Attorneys debate scope of class action lawsuit against former UHP trooper

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FARMINGTON, Utah  – A legal showdown is looming over whether a class action lawsuit will expand against a former Utah Highway Patrol Trooper accused of wrongfully arresting drivers for DUI.

Trooper Lisa Steed was fired after accusations emerged that she had wrongfully arrested drivers for DUI, and last Friday a judge upheld her firing.

A lawyer for two plaintiffs suing the state of Utah and Steed wants four years’ worth of files and videos on the trooper. Attorney Robert Sykes said he wants to determine how large this class-action lawsuit could be.

Sykes is representing Thomas Romero and Julie Tapia, both of whom were arrested by Steed for DUI in 2011. Tests showed that neither plaintiff was drunk. Their cases were dismissed, but they said they spent thousands of dollars fighting the allegations. The pair filed a class action lawsuit in December 2012.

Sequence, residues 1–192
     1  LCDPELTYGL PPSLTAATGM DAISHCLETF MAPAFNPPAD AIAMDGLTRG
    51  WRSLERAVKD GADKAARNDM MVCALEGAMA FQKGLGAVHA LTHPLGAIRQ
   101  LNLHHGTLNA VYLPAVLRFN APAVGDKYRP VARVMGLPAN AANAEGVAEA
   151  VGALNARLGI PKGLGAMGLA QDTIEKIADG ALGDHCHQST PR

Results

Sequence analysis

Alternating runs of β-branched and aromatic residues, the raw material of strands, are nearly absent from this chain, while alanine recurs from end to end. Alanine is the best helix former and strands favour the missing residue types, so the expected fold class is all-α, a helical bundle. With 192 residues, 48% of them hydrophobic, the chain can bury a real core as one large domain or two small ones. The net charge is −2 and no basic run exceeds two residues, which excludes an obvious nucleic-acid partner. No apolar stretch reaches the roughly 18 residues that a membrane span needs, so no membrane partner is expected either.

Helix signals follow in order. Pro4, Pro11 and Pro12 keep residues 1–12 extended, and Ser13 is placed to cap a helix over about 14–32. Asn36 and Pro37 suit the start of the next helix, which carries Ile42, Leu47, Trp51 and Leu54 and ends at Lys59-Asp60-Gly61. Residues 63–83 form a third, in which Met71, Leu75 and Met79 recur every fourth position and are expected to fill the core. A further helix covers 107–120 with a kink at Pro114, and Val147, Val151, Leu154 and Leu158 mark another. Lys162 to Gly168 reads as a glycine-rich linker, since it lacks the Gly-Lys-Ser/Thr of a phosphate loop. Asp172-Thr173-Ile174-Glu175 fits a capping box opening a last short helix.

The state fought against Sykes’ request for four years of records in a Farmington courtroom Monday. David Wolf, Utah assistant attorney general, argued the case is not appropriate for a class action lawsuit.

"The case-law is clear, and common sense tells us that each arrest is unique and the facts and circumstances supporting each arrest are unique,” he said.

Sykes said he disagrees with that assessment, which is why he wants the records released.

"I'm saying in order to prove the class we have got to take the facts that show the fraud and the improper conduct and get those facts and show the judge that there's a large number of people that meet these criteria,” he said.

Sykes is seeking more than $20 million in damages on behalf of his clients, but the judge has yet to determine if there will be more than these two plaintiffs in this case.